TACOMA, Wash. – Claressa, a 12-year-old African American girl living in Louisiana in 1966, steps forward on the stage and avows to her audience, “I know things.”
Over the next six years, the confident young girl takes the audience into her world—one where teenagers quickly discover that school, friends, and family are not always what they appear, and where bigger stories about race, class, parental expectations, and love move through their lives in complex ways.
The honesty of Claressa’s inquisitive mind is the guiding thread in the remarkable play 1620 Bank Street by C. Rosalind Bell (pictured). The debut performance will be at 7:30 p.m. on Friday, Oct. 26, with further performances at 7:30 p.m. on Saturday, Oct. 27, Thursday, Nov. 1, Friday, Nov. 2, and Saturday, Nov. 3. The one afternoon performance will be at 2 p.m. on Saturday, Nov. 3. The event will be in Norton Clapp Theatre, Jones Hall at University of Puget Sound. Ticket information and a map are below.
“This is a play full of generosity and compassion that explores the gains and losses of growing up,” said co-director Geoff Proehl. “It’s also about language—how the power of words can build bridges and tear them down, maybe never to be repaired again.”
Proehl is co-director and co-dramaturge, alongside Grace Livingston, with scene design by Kurt Walls and costume design by Mishka Navarre.
The play’s story is based on Bell’s own experiences of growing up in Lake Charles, La., and of attending a Catholic high school, more than a decade after the 1954 Brown v. Board of Education Supreme Court case officially ended segregation in schools. In 1960s Louisiana and elsewhere, racism remained a large part of individuals’ lives, and for Claressa, it is one of many of the “things” that she comes to intimately know.
Bell, the Dolliver Artist in Residence at Puget Sound, says she hopes 1620 Bank Street will bring new perspectives to audience members, many of whom may believe that racism is a thing of the past.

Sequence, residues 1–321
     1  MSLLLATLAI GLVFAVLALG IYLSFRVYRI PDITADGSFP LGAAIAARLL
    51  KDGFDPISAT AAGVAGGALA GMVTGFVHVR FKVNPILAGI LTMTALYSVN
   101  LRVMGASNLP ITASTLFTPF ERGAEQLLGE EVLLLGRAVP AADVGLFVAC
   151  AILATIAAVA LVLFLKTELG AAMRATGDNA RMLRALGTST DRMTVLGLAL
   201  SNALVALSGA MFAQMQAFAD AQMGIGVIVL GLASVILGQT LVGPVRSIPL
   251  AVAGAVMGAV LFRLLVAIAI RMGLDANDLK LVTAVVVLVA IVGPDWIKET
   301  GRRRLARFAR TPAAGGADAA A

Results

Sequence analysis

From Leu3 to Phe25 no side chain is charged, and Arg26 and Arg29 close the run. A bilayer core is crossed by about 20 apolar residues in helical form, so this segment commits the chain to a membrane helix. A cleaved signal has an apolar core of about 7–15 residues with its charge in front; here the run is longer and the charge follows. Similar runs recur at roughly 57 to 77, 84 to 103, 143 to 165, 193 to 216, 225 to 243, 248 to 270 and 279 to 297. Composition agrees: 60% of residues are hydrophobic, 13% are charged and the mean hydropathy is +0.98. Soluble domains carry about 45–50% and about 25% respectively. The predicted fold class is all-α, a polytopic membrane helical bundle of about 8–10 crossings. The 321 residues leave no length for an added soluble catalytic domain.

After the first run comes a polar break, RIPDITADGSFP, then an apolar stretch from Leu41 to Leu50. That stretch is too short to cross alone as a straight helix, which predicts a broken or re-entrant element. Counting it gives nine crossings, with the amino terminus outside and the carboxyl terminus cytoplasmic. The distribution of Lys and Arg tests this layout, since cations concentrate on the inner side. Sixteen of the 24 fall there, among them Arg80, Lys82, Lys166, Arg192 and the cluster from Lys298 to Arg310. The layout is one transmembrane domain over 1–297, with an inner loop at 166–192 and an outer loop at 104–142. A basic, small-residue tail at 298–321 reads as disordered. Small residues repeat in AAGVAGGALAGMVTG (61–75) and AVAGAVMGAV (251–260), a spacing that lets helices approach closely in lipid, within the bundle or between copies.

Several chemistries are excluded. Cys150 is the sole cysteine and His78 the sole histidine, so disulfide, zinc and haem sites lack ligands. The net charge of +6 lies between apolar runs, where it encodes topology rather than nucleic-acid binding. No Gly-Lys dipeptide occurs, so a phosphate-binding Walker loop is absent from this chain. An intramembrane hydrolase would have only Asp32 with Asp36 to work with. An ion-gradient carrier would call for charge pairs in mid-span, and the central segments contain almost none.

“There is still a lot of work to be done in regard to race,” she says, pointing to a recent news story about a Louisiana school reunion party that invited “white graduates only.” She added, “Those who think we’ve moved beyond issues of race are walking through life with blinders on.”
Bell is the author of two other plays, New Orleans Monologues and Under the Circumstances, and is a writer of short stories, screenplays, and a novel, currently in progress. She worked earlier as a civil rights investigator with the U.S. Department of the Treasury.
The staging of 1620 Bank Street is part of the Telling Stories/Recovering the Past series at University of Puget Sound, which includes lectures and films through October and November. The play is presented by the Department of Theatre Arts in collaboration with the Race and Pedagogy Initiative and African American Studies. It is supported by the James M. Dolliver National Endowment for the Humanities.
Please note: This play contains strong and offensive language and challenging social themes.
FOR TICKETS: order online at http://tickets.pugetsound.edu, or call Wheelock Information Center to purchase with a credit card at 253.879.6013. Admission is $11 for the general public; $7 for seniors (55+), students, military, and Puget Sound faculty, staff and students. Remaining tickets will be available at the door.
Photos on page: Top right: C. Rosalind Bell; Above left: Monroe Elementary School, Topeka, Kansas, where racial segregations was challenged in the 1954 case Brown v. Board of Education.
Press photos of Rosalind Bell can be downloaded from: www.pugetsound.edu/pressphotos
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